The art of the business plan pitch could fill volumes of b-school literature. But what if the real secret sauce had less to do with content and everything to do with delivery?
Alex ‘Sandy’ Pentland, Director of MIT’s Human Dynamics Laboratory and the MIT Media Lab Entrepreneurship Program, has conducted research around the power of unconscious forms of communication. The tools have revealed subtle patterns in how people interact, enabling Pentland and his colleagues to predict outcomes of situations ranging from job interviews to first dates to pitches for funding.
Pentland conducted a study of business plan pitches, during which “rising-star” business executives gave their presentations to venture capitalists, while Pentland and Felix Heibeck, Research Assistant at the MIT Media Lab, watched. “The skills the executives required—the ability to clearly formulate ideas, effectively communicate to a group of peers and then persuade others to pursue those ideas—are indispensable in business as well as everyday life,” said Pentland.
Globalization and the information age have made it crucial for organizations to stay in tune with their markets, changing trends, and new innovations in an effort to remain relevant. Entrenched beliefs and tried and true systems, however, are often favored long after they have stopped being effective. Where should executives turn for fresh perspectives and new recipes for success? The answer may be among peers.
Industry peer networks (IPNs) are small groups of noncompeting peers who meet on a regular basis in an environment of intimacy and trust, with the purpose of exchanging information and discussing important company matters under the greater goal of improving capabilities and increasing profit share in the market. Ezra Zuckerman, Professor of Technological Innovation, Entrepreneurship, and Strategic Management at MIT Sloan, has studied the effects of industry peer networks in the last decade, collecting data about the role and pervasiveness of relationships among noncompeting peers and, more specifically, industry peer networks in the U.S. economy.
Most of today’s leadership literature focuses on the two most popular forms of leadership: the visionary leader—the charismatic transformational leader who inspires, or the relationship leader—the mentor who has the compassion and empathy needed to form strong relationships to support their organization.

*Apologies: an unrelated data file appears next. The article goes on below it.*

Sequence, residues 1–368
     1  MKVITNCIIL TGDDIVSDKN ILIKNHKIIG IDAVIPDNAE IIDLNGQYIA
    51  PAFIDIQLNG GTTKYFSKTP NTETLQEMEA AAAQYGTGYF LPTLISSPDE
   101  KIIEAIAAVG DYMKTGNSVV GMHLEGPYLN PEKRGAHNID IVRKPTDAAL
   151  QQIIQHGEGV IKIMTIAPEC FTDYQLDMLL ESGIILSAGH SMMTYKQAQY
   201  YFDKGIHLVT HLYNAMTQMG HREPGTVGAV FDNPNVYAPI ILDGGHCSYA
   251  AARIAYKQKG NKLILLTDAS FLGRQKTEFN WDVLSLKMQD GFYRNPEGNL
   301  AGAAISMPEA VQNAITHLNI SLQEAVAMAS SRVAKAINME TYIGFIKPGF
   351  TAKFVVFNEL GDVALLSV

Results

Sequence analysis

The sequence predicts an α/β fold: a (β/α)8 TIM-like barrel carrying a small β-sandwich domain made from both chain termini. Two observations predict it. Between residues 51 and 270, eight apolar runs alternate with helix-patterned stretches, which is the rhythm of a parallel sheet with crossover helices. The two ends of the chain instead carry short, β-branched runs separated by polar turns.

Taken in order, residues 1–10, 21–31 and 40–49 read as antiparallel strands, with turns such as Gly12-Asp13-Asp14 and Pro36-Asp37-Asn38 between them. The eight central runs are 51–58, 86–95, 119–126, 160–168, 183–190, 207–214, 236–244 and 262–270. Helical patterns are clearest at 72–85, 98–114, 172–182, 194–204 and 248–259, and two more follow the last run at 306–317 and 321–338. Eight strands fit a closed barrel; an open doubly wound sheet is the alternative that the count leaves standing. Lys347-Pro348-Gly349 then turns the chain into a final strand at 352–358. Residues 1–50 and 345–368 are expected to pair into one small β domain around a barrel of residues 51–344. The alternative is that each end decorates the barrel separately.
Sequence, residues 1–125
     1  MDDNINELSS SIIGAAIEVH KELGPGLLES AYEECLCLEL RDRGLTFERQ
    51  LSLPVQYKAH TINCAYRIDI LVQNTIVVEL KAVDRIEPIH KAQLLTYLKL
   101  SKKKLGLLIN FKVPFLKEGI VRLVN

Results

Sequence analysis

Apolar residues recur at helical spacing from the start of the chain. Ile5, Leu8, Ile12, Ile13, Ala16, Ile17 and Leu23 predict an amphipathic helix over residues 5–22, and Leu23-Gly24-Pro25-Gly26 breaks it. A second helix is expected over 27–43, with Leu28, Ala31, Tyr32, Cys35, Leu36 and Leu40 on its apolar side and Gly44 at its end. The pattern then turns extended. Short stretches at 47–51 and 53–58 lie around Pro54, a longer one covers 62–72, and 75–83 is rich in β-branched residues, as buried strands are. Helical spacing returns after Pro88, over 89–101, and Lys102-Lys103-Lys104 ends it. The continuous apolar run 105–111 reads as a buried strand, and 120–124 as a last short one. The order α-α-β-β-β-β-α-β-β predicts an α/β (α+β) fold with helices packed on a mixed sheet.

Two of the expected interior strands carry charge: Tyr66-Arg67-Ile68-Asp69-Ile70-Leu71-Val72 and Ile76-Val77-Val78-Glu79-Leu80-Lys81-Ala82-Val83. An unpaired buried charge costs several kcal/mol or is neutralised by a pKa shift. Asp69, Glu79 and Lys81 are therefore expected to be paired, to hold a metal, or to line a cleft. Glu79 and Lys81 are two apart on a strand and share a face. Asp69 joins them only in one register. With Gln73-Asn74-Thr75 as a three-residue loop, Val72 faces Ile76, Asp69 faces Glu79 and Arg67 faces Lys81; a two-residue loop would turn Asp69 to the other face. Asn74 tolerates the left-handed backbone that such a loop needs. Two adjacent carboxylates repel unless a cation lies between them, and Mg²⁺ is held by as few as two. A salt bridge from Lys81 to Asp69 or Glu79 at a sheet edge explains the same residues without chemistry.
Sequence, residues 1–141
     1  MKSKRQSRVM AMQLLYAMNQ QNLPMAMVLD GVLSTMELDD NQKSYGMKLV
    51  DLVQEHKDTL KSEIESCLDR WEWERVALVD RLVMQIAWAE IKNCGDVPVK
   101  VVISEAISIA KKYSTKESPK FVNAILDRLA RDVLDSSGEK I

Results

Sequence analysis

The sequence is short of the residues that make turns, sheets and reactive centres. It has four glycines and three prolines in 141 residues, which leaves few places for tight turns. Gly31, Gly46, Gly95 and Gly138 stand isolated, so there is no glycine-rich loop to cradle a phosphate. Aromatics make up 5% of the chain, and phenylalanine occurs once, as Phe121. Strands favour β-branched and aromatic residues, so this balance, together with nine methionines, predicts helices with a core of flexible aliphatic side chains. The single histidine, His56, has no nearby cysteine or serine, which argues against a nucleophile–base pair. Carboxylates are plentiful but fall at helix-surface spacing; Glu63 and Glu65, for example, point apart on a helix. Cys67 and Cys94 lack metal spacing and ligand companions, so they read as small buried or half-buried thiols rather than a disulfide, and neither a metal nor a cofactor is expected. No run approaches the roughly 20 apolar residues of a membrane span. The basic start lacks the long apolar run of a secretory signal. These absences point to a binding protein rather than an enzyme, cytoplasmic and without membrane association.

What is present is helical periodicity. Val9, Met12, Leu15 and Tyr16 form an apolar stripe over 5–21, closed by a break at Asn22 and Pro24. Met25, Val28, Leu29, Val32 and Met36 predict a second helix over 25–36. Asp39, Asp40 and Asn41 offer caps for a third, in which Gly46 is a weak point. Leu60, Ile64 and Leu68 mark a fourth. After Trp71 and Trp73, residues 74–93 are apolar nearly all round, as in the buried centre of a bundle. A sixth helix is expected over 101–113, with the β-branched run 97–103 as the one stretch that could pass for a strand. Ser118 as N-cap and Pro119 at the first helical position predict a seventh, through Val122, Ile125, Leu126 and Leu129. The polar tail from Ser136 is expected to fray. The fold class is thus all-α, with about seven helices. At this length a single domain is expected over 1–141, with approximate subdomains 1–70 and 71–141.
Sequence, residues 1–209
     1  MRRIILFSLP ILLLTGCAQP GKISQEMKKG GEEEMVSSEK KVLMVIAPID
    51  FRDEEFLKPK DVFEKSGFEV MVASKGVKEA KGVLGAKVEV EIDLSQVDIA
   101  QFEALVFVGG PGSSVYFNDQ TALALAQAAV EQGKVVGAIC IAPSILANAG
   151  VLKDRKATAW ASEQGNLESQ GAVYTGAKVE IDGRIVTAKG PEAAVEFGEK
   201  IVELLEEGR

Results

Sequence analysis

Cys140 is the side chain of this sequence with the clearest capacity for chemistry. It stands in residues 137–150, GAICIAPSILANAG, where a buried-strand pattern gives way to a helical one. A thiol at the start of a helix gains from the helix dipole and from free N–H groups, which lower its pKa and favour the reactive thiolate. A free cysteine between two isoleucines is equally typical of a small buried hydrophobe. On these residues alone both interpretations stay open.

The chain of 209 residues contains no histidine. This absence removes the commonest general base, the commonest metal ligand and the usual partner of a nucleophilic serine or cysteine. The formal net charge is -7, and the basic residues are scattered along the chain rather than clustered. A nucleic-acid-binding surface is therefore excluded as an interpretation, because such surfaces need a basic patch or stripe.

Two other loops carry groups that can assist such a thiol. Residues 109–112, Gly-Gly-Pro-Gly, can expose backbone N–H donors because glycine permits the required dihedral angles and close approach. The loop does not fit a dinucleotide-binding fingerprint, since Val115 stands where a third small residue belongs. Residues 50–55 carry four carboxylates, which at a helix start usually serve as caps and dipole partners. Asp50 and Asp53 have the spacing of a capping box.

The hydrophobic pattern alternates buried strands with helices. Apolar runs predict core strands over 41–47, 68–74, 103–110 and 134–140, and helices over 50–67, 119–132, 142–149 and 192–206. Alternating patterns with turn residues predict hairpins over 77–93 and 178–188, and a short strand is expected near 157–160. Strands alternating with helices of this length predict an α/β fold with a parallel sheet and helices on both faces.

But the global business world is changing rapidly, from the top down and the bottom up. Organizations are flatter. Boundaries are more blurred. Information moves faster across all levels within an organization. This means that leaders who can innovate and move quickly—leaders who have dynamic capabilities—are more likely to succeed.
It’s likely you’ve heard of collective intelligence, the term used broadly to refer to groups of individuals doing things collectively that seem intelligent. The most well-known examples of collective intelligence in action are Google and Wikipedia—large, loosely organized groups of people working together in a rapid transfer information stream.
What many organizations don’t know—but could benefit from—is the use of mapping collective intelligence to dissect and better understand their people, processes, and sources of inefficiency and, in some cases, to create a structure to improve business innovation.
This is the second post in a series on bringing transparency into the IT/Business leader discussion.
One of the biggest challenges in the relationship between IT and business leaders is the perception of the CIO as the “C-I-No.”
As we discussed in an earlier post, George Westerman, Research Scientist at the MIT Sloan’s Center for Digital Business, conducted four separate studies that confirmed transparency is necessary for IT and business to work together and bring greater value to an organization.